King County would spend hundreds of millions on clean energy and affordable housing programs, Executive Dow Constantine proposed Tuesday, even as he warned that the county faces budget shortfalls without changes from the state.
Constantine unveiled his proposed $15.8 billion two-year budget Tuesday, with hundreds of millions of dollars for housing, electric buses, habitat restoration and measures to fight homelessness.
He also announced a tentative collective bargaining agreement with the union representing King County sheriff’s deputies and sergeants that could clear the way for the use of body cameras. County officials have been pushing for body cameras on deputies for nearly a decade.
Constantine’s proposals are subject to the approval of the Metropolitan King County Council, which will consider and amend the budget over the next eight weeks.
In presenting the budget Tuesday, Constantine framed it as part of an “equitable recovery” from the COVID-19 pandemic.
“In this budget we advance our enterprise-wide commitments,” he said, “to continuous improvement, to equity and anti-racism, and to bold action against the looming climate crisis.”
But Constantine also warned the county’s $2.3 billion general fund budget faces deficits of $80 million to $100 million in 2025 unless the state changes how counties can collect property taxes. Those deficits, he said, would mean the elimination of as many as 350 jobs.
State law limits counties to no more than 1% annual growth in the overall amount of property tax they collect (plus the value of new construction). With inflation growing much faster than 1%, and with property tax the largest source of income for the county’s budget, expenses are far outpacing revenue, Constantine said.
A longtime bugbear of local progressives, the 1% cap was originally passed in a 2001 statewide initiative led by anti-tax activist Tim Eyman. It was struck down by courts, but the Legislature enacted it in 2007.
Constantine, who has previously expressed an interest in running for governor, said the county would once again lobby for changes to the cap on property tax growth and other, more progressive revenue options.
“With the continuing absurdities of Washington state’s regressive tax system causing county revenues to fall far behind inflation and population growth, hundreds of millions of dollars in worthy requests for urgent needs were simply left behind,” Constantine said.
The general fund pays for things like courts, jails, elections and property assessments, many of which are required by state law.
More discretionary proposals in Constantine’s budget include more than $220 million for electric buses and infrastructure to convert King County Metro’s 1,400 bus fleet to all-electric by 2035. The county would spend an additional $27 million on charging infrastructure to electrify half of its light-duty vehicle fleet by 2025.
It would spend $28 million to remove blockages from local rivers and streams, with the goal of easing salmon migration that’s been disrupted by construction. Another $23 million would go to removing excess nitrogen and other nutrients from wastewater. And $60 million would go toward land conservation, buying and preserving what Constantine has called “the last, best” natural places, part of a larger program that voters will weigh in on in November.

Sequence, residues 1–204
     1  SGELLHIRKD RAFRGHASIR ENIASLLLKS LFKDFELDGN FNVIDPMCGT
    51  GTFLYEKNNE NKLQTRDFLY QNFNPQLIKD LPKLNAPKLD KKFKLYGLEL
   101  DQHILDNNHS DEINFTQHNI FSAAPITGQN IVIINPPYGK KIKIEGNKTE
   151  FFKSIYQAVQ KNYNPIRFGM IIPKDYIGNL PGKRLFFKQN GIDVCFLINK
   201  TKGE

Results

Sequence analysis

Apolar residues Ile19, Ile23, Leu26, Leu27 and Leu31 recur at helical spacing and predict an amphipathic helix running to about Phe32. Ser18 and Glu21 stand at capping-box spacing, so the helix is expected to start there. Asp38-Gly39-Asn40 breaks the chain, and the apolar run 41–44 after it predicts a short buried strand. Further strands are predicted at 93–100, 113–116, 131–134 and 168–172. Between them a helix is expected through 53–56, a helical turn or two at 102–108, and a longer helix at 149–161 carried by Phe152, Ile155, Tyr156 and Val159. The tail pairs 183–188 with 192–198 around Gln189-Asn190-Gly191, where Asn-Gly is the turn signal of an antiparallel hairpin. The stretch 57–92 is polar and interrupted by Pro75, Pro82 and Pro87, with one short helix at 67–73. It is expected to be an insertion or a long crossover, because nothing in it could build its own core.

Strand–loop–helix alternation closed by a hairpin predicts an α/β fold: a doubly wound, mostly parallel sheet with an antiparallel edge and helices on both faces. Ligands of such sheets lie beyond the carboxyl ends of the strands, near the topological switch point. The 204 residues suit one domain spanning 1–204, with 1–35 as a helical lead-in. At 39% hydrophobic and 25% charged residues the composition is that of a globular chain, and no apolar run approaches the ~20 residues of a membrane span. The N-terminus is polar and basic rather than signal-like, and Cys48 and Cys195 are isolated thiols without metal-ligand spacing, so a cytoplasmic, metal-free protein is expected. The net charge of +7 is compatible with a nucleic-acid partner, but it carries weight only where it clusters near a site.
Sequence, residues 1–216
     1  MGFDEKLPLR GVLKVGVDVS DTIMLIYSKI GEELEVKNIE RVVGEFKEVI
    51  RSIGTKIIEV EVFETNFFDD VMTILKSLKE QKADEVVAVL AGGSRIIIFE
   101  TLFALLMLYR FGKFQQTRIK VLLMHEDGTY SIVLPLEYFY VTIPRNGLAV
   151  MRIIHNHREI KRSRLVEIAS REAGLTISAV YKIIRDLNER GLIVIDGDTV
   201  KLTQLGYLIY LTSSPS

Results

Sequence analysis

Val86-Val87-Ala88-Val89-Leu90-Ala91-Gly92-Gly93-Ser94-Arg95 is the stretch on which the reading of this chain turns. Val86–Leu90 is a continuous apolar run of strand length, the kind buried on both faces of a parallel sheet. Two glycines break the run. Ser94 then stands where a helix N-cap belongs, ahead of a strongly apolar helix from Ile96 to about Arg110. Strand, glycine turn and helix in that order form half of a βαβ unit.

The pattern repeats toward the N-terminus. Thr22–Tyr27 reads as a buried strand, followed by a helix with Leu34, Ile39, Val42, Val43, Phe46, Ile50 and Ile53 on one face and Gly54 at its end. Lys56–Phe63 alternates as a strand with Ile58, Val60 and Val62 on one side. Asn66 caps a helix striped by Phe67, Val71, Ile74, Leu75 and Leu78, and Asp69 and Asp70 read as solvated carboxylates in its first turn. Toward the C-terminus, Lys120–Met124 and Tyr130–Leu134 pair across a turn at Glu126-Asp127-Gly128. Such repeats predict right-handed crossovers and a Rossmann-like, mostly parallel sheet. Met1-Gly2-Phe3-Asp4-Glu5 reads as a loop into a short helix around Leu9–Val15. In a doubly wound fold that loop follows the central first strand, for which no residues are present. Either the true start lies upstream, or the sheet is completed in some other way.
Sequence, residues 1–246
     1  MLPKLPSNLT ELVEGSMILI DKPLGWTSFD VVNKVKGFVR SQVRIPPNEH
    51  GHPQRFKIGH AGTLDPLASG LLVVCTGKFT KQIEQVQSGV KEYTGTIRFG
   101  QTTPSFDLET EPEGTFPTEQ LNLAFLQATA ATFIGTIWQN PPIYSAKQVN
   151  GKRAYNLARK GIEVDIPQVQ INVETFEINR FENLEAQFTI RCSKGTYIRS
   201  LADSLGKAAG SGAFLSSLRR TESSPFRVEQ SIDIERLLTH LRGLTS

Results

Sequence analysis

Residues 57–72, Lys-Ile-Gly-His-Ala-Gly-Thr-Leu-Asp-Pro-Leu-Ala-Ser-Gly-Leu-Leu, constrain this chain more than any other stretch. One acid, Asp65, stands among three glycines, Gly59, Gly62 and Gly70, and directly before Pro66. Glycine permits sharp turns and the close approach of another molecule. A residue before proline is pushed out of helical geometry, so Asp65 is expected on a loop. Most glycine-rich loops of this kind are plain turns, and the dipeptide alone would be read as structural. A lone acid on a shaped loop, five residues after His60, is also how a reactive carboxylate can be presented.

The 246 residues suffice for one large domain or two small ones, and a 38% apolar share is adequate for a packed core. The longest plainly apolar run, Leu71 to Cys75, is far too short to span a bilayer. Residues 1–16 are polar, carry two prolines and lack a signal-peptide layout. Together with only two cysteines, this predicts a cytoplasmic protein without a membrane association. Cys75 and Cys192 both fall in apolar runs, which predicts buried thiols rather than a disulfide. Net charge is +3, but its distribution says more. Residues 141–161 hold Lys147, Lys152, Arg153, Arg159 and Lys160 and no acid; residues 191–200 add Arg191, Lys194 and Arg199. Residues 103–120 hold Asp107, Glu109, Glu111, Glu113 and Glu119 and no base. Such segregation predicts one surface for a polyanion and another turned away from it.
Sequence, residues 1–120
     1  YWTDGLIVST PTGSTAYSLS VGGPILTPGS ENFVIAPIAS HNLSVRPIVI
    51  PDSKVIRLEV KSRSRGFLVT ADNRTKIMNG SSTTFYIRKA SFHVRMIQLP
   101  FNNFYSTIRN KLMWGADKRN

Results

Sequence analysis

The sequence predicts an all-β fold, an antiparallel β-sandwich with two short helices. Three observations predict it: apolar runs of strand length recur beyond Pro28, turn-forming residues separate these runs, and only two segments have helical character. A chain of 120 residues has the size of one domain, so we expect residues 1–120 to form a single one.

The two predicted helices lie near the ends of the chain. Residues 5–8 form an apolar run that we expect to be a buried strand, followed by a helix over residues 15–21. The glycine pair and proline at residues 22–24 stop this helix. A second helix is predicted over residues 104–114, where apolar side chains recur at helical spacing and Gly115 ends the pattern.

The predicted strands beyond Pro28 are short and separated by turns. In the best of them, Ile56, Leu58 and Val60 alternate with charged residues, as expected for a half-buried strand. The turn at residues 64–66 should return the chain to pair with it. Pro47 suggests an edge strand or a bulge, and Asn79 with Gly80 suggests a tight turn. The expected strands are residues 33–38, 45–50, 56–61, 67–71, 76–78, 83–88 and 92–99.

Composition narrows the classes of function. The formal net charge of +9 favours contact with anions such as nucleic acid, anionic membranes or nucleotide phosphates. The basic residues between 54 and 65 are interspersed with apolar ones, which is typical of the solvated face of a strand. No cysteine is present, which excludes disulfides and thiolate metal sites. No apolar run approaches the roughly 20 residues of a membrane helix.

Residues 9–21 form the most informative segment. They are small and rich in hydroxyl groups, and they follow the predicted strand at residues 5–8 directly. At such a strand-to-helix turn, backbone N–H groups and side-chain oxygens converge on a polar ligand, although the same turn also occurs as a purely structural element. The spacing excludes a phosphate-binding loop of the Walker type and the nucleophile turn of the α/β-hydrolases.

A federally funded low-interest loan program would help homeowners convert from oil and gas furnaces to electric heat pumps.
Constantine has spent the past several weeks unveiling several of the higher-profile proposals embedded in the budget.
Those include the continued operation of 10 former hotels and nursing homes that the county has purchased to eventually provide 1,600 housing units with on-site case management, counseling and health services. The budget includes a plan to sell $45 million in bonds — backed by hotel tax revenue — to build affordable housing near public transit stations. It also includes more than $20 million in rental assistance funds and $28 million to help people getting rental assistance with transportation and other essential needs.
The budget would continue funding the King County Regional Homelessness Authority, contributing $96 million to the coalition of local governments that’s supposed to coordinate homelessness strategy.
On Monday, Constantine announced a plan to ask voters to raise property taxes to fund up to $1.25 billion over a decade for five mental health crisis care centers spread across the county.
The budget includes $5 million to buy body cameras for sheriff’s deputies, which, along with a planned $1 million from the federal government, officials say would be enough to launch the program. Millions more will be required for data and video storage and management.
And it includes millions of dollars for alternatives to traditional law enforcement and incarceration, as it seeks to boost the depleted staffs of both the county sheriff and county correctional facilities.